17 August 2009

If it’s silent, it must be English Day

KUALA LUMPUR, Aug 17 – A colourful poster was e-mailed to some 400 staff of the Malaysian Administrative Modernisation and Management Planning Unit, or Mampu, recently.

Also posted in lifts and on notice boards, it read: “Monday is English Day. Just Speak!”

It is all part of an effort by some Malaysian government agencies to get their employees to use English more, so as to improve the fluency of civil servants in the language.

Mampu, a unit under the Prime Minister’s Department, held its first “English Monday” on July 27, and it created a buzz among employees.

Everyone was encouraged – in e-mail messages, prayer recitals, announcements and meetings – to speak English as much as possible that Monday.

“We want to boost the competency of all staff in speaking English,” a Mampu spokesman told The Straits Times.

The Retirement Fund Incorporated, or KWAP, which handles the pensions of some one million civil servants, is reaching for the same goal by taking a fun approach.

Investment and fund managers play a game of Scrabble or two to improve their vocabulary. Regular public speaking and book review sessions are held.

Employees also write investment papers, presentations, the minutes of meetings, and blog entries in English. It is quite a switch from Malay, which is used throughout the rest of the government.

“For an investment company, it is very important that your English is up to the mark, because all the investment reports and analyses are in English,” KWAP chief executive officer Azian Mohd Noh told The Straits Times. “There are no two ways about it, you have to master your English.”

It even invited the British Council to test the staff and conduct courses in articulation and grammar.

Such measures have paid off. According to Datuk Azian, some 70 per cent of KWAP employees speak English well. Another 20 per cent who understand the language shy away from speaking it.

“We still need to do more. English is important. If you work in the financial sector and deal with international counterparts, it will be a setback (if your English is not up to par),” she said.

These measures come in the midst of a long-running row over English standards and the use of English, instead of Malay, to teach Science and Maths in schools.

Over nearly four decades, Malay has become important for political reasons and is now a very sensitive issue.

English was the medium of instruction in schools until it was replaced with Malay in the 1970s.

The soft push for the use of English at the workplace has been prompted by criticism that the standard of English has declined alarmingly since.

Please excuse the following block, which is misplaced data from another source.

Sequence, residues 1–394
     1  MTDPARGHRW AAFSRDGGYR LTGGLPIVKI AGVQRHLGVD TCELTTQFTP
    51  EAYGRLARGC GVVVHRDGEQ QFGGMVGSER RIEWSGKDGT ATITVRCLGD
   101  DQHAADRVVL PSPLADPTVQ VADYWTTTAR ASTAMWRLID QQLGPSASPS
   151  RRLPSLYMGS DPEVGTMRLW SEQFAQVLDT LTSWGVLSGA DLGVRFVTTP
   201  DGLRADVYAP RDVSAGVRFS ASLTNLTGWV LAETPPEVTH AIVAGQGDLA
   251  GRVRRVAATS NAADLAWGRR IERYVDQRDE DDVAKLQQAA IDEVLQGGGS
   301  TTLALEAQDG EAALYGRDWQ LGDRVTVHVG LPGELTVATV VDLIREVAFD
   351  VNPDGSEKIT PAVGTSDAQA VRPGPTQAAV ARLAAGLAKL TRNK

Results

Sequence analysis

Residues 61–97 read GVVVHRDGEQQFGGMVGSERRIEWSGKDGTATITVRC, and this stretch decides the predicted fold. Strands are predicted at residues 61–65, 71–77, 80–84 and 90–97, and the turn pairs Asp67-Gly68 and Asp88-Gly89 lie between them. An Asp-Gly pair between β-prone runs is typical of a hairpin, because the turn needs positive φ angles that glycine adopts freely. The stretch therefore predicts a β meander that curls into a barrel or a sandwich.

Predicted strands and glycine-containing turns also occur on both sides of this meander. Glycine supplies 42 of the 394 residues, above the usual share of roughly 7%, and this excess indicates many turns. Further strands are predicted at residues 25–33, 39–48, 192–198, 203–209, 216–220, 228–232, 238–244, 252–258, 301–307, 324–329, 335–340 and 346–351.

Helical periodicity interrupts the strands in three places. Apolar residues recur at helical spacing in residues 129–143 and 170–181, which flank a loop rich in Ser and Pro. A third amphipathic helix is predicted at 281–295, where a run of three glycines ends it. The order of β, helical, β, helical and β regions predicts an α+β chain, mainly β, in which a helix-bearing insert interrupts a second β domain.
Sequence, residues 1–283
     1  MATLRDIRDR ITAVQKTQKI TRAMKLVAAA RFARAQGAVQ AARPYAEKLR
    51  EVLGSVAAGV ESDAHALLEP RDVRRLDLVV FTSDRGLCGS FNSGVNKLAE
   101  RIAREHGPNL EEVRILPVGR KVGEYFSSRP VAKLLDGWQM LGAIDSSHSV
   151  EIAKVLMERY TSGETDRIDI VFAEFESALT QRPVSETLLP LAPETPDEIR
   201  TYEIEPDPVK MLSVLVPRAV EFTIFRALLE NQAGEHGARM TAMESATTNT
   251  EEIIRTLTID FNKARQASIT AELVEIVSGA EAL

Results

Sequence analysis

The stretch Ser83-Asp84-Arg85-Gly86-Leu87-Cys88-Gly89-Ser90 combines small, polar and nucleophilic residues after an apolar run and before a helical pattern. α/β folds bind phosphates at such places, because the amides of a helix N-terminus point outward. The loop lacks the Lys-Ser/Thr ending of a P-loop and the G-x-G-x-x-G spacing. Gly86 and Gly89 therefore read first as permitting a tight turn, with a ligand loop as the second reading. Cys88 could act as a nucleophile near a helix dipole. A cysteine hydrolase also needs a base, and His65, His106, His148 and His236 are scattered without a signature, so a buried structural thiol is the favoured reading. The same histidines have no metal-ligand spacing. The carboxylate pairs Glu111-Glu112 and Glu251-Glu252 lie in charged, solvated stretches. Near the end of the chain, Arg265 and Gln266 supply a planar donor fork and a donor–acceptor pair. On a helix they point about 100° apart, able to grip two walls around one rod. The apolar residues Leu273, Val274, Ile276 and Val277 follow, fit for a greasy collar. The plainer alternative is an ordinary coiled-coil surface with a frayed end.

As a result, Malaysia’s global competitiveness has suffered, with many graduates possessing inferior English language skills, critics say.

A controversial policy to use English to teach science and maths in schools was scrapped last month, after six years of protests by critics who say that students and teachers struggled with it.

Along with its decline in schools, English has also been neglected by most civil servants. With Malays making up 80 per cent of civil servants, many, apart from higher-ranking officers, prefer to use Malay daily. Thus there is some resistance to programmes that require them to speak English.

One Mampu worker joked that it would be a “Silent Monday”, referring to the fact that many would prefer not to speak to avoid speaking in English.

“My English is a little rusty,” she said. “Most people still speak in Malay, but I guess in a more formal setting like a meeting, they converse in English.”

There is no penalty if an employee switches to his mother tongue, so the move is just a gentle nudge to ease civil servants into grappling with the language, broken or otherwise.

An internal e-mail said: “Only a number of personnel are really into this programme. Do not worry so much about speaking grammatically correct. Practice makes perfect.”

A chief clerk with a district land office in Selangor said that her command of the English language deteriorated after she stopped using it when she joined the civil service 28 years ago.

“Even today’s graduates can’t converse in English very well,” she said.

The clerk said that the state government had tried implementing English Thursdays and other programmes but that they never got off the ground.

But some insist that such programmes can succeed.

A former civil servant of five years said: “Even if they speak broken English, it’s good for them to build confidence.”

She said she often ended up doing a lot of administrative work when travelling on overseas assignments, even when the support staff were meant to handle it, because of communication breakdowns.

“A lot of them can’t speak or write in English. That’s what happens when you keep speaking the same language,” she told The Straits Times.

But some analysts feel that the entire system needs a major overhaul, including using English in all official documents.

“You need at least one competent speaker in a government department for this sort of programme to work,” said analyst James Chin of Monash University Malaysia Campus. “If all of them are not competent, it will not work.”

He pointed out that the English policy that was scrapped from schools last month failed because too many teachers were not fluent in the language.

“If department heads are not fluent, subordinates will follow what they do,” said Chin. “Until they get real English speakers in the civil service and allow the use of English in all official documents, instead of just Malay, it will not work.” – The Straits Times

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